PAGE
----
Emperor Akihito, in his last appearance as reigning monarch at an annual ceremony marking Japan’s World War Two surrender, expressed “deep remorse” over the conflict, while Prime Minister Shinzo Abe vowed never to repeat the horrors of war.
Earlier on Wednesday, Abe sent a ritual offering to Tokyo’s controversial Yasukuni Shrine for war dead but did not visit out of apparent consideration for ties with Seoul and Beijing.
Past visits by Japanese leaders to Yasukuni have outraged China and South Korea because the shrine honors 14 Japanese wartime leaders convicted as war criminals by an Allied tribunal, along with war dead.
China’s relations with Japan have long been haunted by what Beijing sees as Tokyo’s failure to atone for its occupation of parts of China before and during World War Two, although ties have thawed recently. Japan occupied Korea from 1910-1945 and bitter memories still rankle.
A silver-haired Akihito, 84, who will abdicate next year, spoke at the memorial for war dead after a moment of silence.
“Thinking of the peaceful times that have extended for many years after the war, reflecting on our past and with a feeling of deep remorse, I earnestly hope that the ravages of war will never be repeated,” said Akihito, wearing morning dress and accompanied by a kimono-clad Empress Michiko.
Akihito has carved out a role as a symbol of peace, democracy and reconciliation during his three decades on the throne, visiting wartime battlefields to pray for war dead of all nationalities.
His remarks on Wednesday echoed those he first spoke on the 70th anniversary of the war’s end, in a subtle departure from previous comments that were seen by many liberals and moderate conservatives as a subtle rebuke to Abe.
Abe has said future generations of Japanese should not have to keep apologizing for the conflict.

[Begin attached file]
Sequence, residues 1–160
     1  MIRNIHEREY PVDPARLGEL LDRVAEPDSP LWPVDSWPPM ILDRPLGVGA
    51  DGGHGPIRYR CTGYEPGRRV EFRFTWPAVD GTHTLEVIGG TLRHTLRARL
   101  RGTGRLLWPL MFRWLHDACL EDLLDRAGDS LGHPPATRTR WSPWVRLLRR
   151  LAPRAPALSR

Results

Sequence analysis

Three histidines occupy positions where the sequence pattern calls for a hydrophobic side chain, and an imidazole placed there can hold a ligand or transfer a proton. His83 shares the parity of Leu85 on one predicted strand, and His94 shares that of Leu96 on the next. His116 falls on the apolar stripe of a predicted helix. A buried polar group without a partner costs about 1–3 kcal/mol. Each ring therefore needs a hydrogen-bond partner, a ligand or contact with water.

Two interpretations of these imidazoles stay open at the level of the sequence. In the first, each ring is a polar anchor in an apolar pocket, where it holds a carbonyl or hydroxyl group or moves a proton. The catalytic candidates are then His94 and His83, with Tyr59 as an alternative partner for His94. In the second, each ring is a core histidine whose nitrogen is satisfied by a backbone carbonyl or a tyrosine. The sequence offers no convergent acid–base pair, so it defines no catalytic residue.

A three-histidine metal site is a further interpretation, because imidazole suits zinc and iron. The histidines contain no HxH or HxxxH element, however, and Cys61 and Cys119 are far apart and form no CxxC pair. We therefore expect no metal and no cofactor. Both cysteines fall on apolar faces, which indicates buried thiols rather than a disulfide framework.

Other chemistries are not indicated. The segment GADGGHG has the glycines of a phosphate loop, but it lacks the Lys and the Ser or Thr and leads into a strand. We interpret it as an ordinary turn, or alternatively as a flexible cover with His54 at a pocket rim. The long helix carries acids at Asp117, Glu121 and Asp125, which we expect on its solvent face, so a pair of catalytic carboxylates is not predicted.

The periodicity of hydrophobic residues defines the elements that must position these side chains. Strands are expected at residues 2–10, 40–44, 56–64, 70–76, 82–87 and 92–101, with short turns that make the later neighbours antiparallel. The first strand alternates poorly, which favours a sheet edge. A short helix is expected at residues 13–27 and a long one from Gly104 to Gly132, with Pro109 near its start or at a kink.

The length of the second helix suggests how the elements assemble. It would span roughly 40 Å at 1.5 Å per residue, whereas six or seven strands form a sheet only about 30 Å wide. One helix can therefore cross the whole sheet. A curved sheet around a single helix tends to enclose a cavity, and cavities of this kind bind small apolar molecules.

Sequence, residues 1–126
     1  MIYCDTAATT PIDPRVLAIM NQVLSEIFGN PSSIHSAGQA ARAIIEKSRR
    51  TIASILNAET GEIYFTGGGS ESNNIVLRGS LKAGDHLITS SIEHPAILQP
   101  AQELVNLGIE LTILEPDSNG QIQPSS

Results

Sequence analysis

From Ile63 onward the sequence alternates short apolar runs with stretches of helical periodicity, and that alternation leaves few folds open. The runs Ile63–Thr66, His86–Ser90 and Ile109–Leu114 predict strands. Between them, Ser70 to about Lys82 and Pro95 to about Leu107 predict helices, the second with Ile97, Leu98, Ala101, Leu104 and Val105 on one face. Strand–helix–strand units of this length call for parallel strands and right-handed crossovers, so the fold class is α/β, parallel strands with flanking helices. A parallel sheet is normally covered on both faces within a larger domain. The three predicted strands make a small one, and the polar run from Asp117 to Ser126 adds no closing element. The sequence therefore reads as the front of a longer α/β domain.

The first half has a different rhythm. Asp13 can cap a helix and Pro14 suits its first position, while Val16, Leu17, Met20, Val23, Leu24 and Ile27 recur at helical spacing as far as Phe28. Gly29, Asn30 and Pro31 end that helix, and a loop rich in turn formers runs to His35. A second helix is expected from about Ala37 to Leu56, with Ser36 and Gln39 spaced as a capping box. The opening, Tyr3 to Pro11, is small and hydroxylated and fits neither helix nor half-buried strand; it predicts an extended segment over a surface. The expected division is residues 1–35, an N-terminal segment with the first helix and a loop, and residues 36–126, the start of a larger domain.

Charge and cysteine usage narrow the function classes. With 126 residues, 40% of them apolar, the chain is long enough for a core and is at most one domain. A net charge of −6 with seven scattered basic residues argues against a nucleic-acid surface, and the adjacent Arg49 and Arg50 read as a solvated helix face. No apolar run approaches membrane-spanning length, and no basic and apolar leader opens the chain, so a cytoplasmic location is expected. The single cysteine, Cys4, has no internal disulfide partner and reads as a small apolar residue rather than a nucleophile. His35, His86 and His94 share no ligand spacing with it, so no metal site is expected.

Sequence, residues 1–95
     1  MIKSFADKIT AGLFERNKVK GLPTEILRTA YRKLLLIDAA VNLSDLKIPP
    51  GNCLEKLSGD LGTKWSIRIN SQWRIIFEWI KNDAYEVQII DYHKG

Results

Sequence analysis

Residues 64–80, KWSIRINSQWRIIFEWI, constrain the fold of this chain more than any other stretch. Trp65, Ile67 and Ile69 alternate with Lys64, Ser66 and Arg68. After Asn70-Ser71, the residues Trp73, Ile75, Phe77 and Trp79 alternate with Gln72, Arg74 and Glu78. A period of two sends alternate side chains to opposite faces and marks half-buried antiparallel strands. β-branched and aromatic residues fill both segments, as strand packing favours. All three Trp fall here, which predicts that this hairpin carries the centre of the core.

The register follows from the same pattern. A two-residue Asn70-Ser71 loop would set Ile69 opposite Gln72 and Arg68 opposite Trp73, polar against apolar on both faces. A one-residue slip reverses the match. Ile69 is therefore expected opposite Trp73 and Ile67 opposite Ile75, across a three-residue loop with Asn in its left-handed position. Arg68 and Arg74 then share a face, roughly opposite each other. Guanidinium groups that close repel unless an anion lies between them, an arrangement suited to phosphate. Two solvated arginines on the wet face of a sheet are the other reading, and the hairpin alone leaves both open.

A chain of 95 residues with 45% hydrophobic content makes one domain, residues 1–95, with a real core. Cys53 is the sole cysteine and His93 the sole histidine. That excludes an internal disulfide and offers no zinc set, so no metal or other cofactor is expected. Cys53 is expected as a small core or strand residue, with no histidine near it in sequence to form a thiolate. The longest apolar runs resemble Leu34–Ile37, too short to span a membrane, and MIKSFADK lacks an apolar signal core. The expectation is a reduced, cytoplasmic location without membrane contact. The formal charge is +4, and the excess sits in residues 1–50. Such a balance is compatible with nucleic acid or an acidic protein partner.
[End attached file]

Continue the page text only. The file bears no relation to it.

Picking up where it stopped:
“I will humbly face the past and resolutely uphold this promise,” the prime minister said on Wednesday.
In Beijing, the foreign ministry said, “The Yasukuni Shrine enshrines Class A war criminals who were directly responsible for the war of aggression.
“We firmly oppose the wrong practices of the Japanese side,” the ministry said in a statement.
Separately, a group of about 50 conservative Japanese lawmakers including Shinjiro Koizumi, the popular son of former prime minister Junichiro Koizumi who is often spoken of as a future premier, paid their respects at Yasukuni.
Ruling Liberal Democratic Party lawmaker Masahiko Shibayama, who made the offering at Yasukuni on Abe’s behalf, said the prime minister asked him to pray for the souls of the departed and that Abe regretted being unable to pay his respects in person.
Abe has only visited the shrine in person once since taking office in 2012. His December 2013 visit angered China and South Korea and prompted an expression of disappointment from ally the United States. Since then, he has sent offerings on Aug. 15 and Yasukuni’s twice-yearly festivals.
Akihito’s father, Emperor Hirohito, in whose name Japanese fought World War Two, stopped visiting Yasukuni after the wartime leaders were first honored by the shrine in 1978, and Akihito does not pay his respects there.
Additional reporting by Mayuko Ono; Writing by Linda Sieg; Editing by Michael Perry and Darren Schuettler